republicans controlled the legislature.
That ts another of his campaign qulb.
bles. In the New Jersey legislature of
1911, the first after his election as gov
ernor, the democrats had a majority of
twonty-four In the state assembly. No
Vigorous attempt was made on their part
to pass an anti-trust law and daro tho
republicans to defeat It In tho state Sen
ate. Doctor Wilson has declaimed asatnst
tho trusts whero thero are none, but hu
has applied tho Boft pedal In his treat
ment of them In Now Jersey. None can
deny that Wilson has spoken equally
well' against free trade and for free
trado, for a tariff for revenue only and
against a tariff for revenue only. In
Pittsburgh, a large Industrial center, ho
spoko of restoring neatness and order In
the garden behind tho tariff wall, but In
other places ho has urged tho removal of
all tariff walls. The platform on which
ho stands states that the protective tariff
Is "unconstitutional," but Doctor Wilson
talks about "readjusting" tho tariff and
says he would not Injure any American
industry oh. my, no.
Where Does Wilson Stniulf
He has declared tho tariff question to
be the chief Issue of tho campaign, but
nowhere at no time has ho madu a .defi
nite, specltlo declaration -of Ws dwit pasl?
tlon In regard to -the -tariff.'
He has been on tho fenco throughout
the campaign and ho will not come down
on the freo trado side until after next
Tuesday's election.
When Dr, Wilson undertook to con
demn President Taft for vetoing the de
structive, crude, political tariff bills
passed by tho democratic congress lead
ers. Secretary Noge'l of the president s
cabinet asked him squarely this iues-
..... hnvn
n. .vould you, uovemui ,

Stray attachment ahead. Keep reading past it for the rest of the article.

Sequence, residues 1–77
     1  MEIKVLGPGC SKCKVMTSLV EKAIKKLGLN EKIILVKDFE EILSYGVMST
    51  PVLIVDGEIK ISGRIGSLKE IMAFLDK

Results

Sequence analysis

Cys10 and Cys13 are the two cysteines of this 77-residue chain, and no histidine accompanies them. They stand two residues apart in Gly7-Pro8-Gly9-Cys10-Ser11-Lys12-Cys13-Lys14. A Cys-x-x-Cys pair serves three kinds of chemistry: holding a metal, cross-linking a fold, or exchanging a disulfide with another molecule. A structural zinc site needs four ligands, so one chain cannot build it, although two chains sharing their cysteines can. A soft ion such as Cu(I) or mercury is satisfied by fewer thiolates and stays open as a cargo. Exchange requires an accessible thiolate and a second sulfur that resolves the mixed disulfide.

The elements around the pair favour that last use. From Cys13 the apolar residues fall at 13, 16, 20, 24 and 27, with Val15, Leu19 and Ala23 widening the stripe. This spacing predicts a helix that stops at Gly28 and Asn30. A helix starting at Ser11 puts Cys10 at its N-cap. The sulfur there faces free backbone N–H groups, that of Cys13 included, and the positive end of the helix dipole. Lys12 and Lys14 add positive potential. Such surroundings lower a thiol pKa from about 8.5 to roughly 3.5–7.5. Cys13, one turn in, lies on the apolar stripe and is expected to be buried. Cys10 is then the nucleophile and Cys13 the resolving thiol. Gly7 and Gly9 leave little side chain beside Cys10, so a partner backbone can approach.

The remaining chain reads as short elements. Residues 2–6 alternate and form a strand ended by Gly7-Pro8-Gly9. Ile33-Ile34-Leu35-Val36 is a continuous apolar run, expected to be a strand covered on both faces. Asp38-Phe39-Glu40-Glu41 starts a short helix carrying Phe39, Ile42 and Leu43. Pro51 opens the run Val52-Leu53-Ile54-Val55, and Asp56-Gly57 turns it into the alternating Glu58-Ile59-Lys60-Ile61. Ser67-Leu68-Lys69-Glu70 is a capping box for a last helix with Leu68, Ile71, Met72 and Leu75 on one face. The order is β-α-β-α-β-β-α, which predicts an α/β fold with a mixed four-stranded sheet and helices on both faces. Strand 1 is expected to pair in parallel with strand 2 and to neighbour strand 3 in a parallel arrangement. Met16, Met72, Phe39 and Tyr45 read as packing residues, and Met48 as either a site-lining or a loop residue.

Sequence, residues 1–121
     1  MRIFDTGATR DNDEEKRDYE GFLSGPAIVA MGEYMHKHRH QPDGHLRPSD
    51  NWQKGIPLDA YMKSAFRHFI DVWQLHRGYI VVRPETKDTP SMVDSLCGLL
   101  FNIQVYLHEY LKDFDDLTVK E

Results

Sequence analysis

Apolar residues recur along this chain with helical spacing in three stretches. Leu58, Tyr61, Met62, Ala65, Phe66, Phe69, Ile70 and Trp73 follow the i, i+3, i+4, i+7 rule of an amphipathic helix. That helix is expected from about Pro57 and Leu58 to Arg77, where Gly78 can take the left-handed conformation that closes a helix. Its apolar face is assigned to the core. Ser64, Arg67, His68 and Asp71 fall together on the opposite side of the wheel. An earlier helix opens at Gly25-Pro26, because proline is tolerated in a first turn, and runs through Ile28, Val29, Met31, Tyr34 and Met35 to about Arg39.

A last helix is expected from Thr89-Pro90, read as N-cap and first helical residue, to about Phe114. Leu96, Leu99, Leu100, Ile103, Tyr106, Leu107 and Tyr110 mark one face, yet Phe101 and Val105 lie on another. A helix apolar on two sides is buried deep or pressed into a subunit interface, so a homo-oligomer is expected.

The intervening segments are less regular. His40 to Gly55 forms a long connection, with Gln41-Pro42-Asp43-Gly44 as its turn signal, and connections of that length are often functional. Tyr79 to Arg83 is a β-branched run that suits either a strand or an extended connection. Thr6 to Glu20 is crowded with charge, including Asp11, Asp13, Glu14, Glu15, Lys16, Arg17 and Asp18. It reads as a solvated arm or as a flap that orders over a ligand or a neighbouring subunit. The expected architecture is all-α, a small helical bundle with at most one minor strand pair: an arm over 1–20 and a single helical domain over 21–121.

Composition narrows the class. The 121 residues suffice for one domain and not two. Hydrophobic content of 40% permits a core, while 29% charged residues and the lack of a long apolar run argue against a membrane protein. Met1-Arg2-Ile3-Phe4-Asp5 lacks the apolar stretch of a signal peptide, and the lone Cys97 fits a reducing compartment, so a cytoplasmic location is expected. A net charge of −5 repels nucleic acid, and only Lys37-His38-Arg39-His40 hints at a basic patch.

tlon. wouiu juu, vnnnd
signed the rour lariu. -
by President Taft, if you had been presi
dentf , T nr Wilson
Mnn nver has been given by Dr. Wilson,
dent?" No answer to mai ono
Dr. Wilson knows as wen as iud
.i, i th event of democratic success
at the polls the radical element of His
party would dominate the caucuses of
his party In congress onu w" -
legislation would bo undertaken Immedi
ately after his Inauguration. That radi
cal element demands tho destruction of
tho protective tariff system. Uy abol.sh-
n'Btt tariff board the democrats
In congress have shown their disregard
for a scientific investigation oi uie
schedules. A democratic tariff bill would
bo made In the old way. by log-rolling
and playing politics. "Soak the other
fellow, but spare me," would be the cry
of democratic Interests, similar to ins
"upllfe" activity of George w. rei.."p
In tho third term camp.
Does any voter suppose that Dr. W l
son, if elected president, would veto uny
democratic tariff bill sent to him by
congress? Then why his evasion?
Up to the People,
Only two days remain before the elec
tion. The American people must determine
by their votes how they wish their busi
ness administered.
They have tho opportunity to declare
their approval of an honest, efficient,
economical, wise and Just administration!
progressive in all things, earnest In tho
cause of humanity, demanding of office,
holders the h gheat measuro of good serv
ice and in appointments to office placing
fitness Invariably above partisanship as
a chief qualification.
On the other hand, they may declare by
their votes that such an administration,
neither picturesque nor spectacular, more